When implementing Partial Application in ES6, implementations naturally become quite easier to reason about as default parameters, rest parameters and arrow functions can be leveraged to provide a much more comprehensive implementation.

While on the surface this may appear insignificant, when compared to having relied almost exclusively on the arguments object and Array.prototype to provide the same functionality in ES5, the benefits become rather apparent.

For instance, consider a simple multiply function which, depending on the arity of the invocation, either computes basic multiplication against the provided parameters, or returns a partial application. That is to say, if invoked as a unary function (single argument), the function returns a partial application (a new function which multiplies by the given argument). If invoked as a variadic function (variable amount of arguments), the function returns the product of the arguments.

In ES5, we could implement such a function as follows:

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// basic partial application implementation in ES5 ... var multiply = function() { var args = Array.prototype.slice.call(arguments, 0) , product; if (args.length > 1) { return args.reduce(function(acc, curr){ return typeof curr === 'number' && (curr *= acc); }); } product = typeof args[0] === 'number' ? args[0] : 0; return function(n) {return product * n;}; }; |

Given the above example, in order to inspect and iterate over the provided arguments, we need to rely on the Array.prototype, specifically, we need to invoke Function.prototype.call on Array prototype in order to apply the slice method so as to convert the arguments object to an Array. Additionally, we also have to account for a default value of `arguments[0]`

should it be omitted or `NaN`

.

Not only does this require a superfluous amount of code, but it also results in a more complicated implementation that becomes considerably more verbose, and as a result, more difficult to reason about; especially for developers who may not be familiar with the specific mechanisms employed within the implementation.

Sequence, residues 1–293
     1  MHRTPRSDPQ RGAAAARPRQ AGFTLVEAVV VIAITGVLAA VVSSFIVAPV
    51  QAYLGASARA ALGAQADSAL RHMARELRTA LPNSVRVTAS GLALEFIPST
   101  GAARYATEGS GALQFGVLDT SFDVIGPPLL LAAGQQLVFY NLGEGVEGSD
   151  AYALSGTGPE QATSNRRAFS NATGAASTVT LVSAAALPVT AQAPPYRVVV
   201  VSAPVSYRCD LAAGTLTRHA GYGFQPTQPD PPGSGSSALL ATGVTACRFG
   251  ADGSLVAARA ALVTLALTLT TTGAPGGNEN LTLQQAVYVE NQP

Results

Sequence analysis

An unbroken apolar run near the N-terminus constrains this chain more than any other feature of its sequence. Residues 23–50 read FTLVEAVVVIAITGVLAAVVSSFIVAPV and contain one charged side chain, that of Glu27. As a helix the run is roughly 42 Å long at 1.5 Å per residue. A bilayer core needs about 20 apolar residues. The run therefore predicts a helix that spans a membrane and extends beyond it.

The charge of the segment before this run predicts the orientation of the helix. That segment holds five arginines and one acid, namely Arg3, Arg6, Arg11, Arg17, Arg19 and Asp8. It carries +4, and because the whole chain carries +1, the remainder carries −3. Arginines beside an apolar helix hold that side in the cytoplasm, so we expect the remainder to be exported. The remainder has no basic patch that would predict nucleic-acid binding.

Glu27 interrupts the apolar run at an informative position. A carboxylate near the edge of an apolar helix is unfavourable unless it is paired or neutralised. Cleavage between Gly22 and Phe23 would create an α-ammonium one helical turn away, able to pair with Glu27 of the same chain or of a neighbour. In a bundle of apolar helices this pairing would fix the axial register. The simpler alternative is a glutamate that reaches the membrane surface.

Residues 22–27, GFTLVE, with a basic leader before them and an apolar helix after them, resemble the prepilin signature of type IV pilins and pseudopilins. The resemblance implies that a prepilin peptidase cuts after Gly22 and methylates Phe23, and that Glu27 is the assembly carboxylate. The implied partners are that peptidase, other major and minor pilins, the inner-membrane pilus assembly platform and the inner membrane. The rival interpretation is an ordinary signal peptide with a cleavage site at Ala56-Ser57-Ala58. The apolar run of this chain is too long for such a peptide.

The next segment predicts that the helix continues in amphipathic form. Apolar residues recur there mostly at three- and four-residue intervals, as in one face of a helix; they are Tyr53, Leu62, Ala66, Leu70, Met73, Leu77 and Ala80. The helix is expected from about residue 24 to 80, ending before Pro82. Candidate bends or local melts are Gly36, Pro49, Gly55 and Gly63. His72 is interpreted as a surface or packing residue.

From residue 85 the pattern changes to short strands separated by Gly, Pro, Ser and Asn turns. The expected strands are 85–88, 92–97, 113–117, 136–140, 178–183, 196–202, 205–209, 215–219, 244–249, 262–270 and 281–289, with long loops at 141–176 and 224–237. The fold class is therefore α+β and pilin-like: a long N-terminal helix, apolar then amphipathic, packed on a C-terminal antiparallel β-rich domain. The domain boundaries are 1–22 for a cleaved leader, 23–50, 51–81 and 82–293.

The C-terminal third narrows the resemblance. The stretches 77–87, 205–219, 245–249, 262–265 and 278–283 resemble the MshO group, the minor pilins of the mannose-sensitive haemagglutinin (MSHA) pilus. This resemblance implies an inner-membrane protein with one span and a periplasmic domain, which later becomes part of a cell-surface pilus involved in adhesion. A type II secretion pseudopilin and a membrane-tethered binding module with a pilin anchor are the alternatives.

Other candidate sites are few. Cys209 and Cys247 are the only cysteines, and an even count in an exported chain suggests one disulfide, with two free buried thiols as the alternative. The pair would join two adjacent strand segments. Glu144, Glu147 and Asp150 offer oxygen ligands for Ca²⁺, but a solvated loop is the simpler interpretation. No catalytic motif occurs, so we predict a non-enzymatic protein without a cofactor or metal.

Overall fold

## ES6 to the rescue …

With the introduction of default parameters, …rest parameters, and Arrow Functions (fat arrows) in ES6, the implementation of the above example can be significantly reduced, and as a result, becomes considerably easier to understand, as we can simply re-write the `multiply`

function as:

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// basic partial application implementation in ES6 ... const multiply = (x = 0, ...y) => { if (y.length) { return y.reduce((acc, curr) => { return typeof curr === 'number' && (acc *= curr); }, x); } return typeof x === 'number' && (i => x * i); }; |

As can be seen, implementing the `multiply`

function in ES6 not only reduces the SLOC by 1/2 of the previous ES5 implementation, but more importantly, by using rest parameters, it allows us to determine and work with the functions arity in a much more natural way. Moreover, both iterating over the provided arguments and returning the partial application becomes considerably more concise simply by using arrow functions, and the need to account for undefined arguments becomes moot thanks to default parameters.

In addition, variadic invocations of such functions can also be simplified considerably using the ES6 spread operator. For example, in order to pass an Array of arguments to a function in ES5, one would need to call `Function.apply`

against the function, like so:

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multiply.apply(null, [1, 10, 100]); //1000 |

With ES6 spread operators, however, we can simply invoke the function directly with the given array preceded by the spread operator:

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multiply(...[1, 10, 100]); //1000 |

Simple!

Hopefully this article has shed some light on a few of the features available in ES6 which allow for writing implementations which not only read much more naturally, but can be written with considerably less mental overhead.

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Also published on Medium. *

...rest parameters, arrow functions, default parameters, es6, functional programming, partial application

Great point, an oversight on my part, I’ve updated the article to reflect this, thanks!